about adverse personnel and disciplinary actions, complaining
to the Inspector General and filing a charge of
discrimination with the EEOC.” Id. at *5.
days after Gaines filed her suit, on April 17, 2012, she was
notified that she needed to attend an internal trial board
hearing for charges relating to the dress code incidents that
had occurred over a year before on February 4 and 8, 2011.
(ECF No. 13-1 at ¶ 43.) She was subsequently found
guilty of the charges and the board recommended a thirty-day
suspension. (Id. at ¶ 44.) Despite the
recommendation, on June 22, 2012, Anderson fired Gaines.
(Id. at ¶ 45.) On July 18, 2012, Gaines filed a
Second Charge of Discrimination with the EEOC (“Second
Charge”), asserting that her termination from
employment was in retaliation for her earlier claim of
retaliation in violation of Title VII. (Id. at
¶ 7; ECF No. 1-1.)
13, 2013, Gaines filed an amended complaint in Gaines
I, adding her termination as a retaliatory act.
(Gaines I, Am. Compl., ECF No. 25.) The amended
complaint did not, however, allege any facts detailing the
internal trial board hearing, the incidents on February 4 and
8, or any circumstances surrounding her termination.
(Id.) Further, the amended complaint only referenced
and attached Plaintiff's First Charge of Discrimination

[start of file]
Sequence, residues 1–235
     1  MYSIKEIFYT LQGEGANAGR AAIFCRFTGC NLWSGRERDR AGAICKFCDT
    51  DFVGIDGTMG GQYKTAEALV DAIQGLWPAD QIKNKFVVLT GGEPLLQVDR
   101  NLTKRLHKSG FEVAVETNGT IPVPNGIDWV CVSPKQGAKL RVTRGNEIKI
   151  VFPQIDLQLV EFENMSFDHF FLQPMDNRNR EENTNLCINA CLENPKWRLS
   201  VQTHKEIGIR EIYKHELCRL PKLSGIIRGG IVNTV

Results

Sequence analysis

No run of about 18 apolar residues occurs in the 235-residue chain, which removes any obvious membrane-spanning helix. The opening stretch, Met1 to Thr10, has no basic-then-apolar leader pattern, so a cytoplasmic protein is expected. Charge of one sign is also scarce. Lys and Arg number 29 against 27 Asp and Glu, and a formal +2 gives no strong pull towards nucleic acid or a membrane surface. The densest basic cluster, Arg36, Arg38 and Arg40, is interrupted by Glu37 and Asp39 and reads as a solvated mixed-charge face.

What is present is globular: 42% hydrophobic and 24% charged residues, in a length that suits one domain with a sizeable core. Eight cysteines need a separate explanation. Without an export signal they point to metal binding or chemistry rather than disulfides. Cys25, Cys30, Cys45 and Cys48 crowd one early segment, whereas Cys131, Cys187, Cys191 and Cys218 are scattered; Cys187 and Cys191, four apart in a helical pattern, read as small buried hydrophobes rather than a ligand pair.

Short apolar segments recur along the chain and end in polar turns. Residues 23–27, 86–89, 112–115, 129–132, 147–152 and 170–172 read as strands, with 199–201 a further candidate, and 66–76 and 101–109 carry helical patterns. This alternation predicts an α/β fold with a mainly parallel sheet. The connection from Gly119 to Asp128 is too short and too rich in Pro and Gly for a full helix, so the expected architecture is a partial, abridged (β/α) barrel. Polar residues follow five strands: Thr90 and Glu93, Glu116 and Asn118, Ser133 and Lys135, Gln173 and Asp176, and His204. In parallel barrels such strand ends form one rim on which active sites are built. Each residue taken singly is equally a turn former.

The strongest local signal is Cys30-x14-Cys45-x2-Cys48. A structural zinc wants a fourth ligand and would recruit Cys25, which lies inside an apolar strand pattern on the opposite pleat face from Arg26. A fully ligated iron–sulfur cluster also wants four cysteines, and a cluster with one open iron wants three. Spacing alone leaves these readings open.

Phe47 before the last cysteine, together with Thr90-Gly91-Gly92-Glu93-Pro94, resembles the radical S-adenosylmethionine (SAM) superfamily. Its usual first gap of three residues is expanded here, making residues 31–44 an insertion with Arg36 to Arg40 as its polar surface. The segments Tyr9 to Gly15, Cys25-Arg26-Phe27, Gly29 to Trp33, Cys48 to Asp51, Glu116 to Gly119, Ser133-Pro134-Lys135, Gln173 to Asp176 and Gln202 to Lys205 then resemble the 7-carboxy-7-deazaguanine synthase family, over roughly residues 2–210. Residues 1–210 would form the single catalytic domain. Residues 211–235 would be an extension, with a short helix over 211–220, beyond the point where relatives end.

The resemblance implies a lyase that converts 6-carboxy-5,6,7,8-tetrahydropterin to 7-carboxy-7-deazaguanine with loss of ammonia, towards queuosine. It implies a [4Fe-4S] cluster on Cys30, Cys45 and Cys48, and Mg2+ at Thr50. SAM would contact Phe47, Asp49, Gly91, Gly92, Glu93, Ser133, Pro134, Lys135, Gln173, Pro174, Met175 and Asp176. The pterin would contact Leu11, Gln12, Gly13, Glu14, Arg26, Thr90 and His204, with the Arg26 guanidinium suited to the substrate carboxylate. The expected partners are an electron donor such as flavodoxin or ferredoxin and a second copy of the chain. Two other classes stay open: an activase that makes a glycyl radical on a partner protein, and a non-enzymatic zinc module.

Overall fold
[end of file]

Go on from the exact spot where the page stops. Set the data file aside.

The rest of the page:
and Right to Sue Notice. (Id.) The defendants moved
to dismiss Plaintiff's amended complaint, arguing in part
that she had failed to properly exhaust her Title VII claims.
(Gaines I, Mot., ECF No. 31.) On April 23, 2014,
this Court issued a memorandum opinion dismissing all of
Plaintiff's claims with prejudice. Gaines v.
Martin, No. JKB-12-1126, 2014 WL 1622316 (D. Md. Apr.
23, 2014). The memorandum opinion only referenced
Plaintiff's First Charge filed on July 9, 2010 and did
not reference Plaintiff's termination. Id. at
*2. As to Gaines' retaliation claim, this Court found
that Gaines failed to state a claim for retaliation under
Title VII. Id. at *5. Specifically, this
Court held that Gaines' had not met the first element of
a retaliation claim, engaging in a protected activity,
Ultimately, the conduct that Plaintiff opposed was not
discrimination under Title VII. Rather, the picture that
emerges from Plaintiff's own pleadings is that she was
discriminated against for arguing that Deputy Lane was shot
by a fellow Deputy and contradicting the Sheriff
Department's conclusion that Deputy Lane was shot by a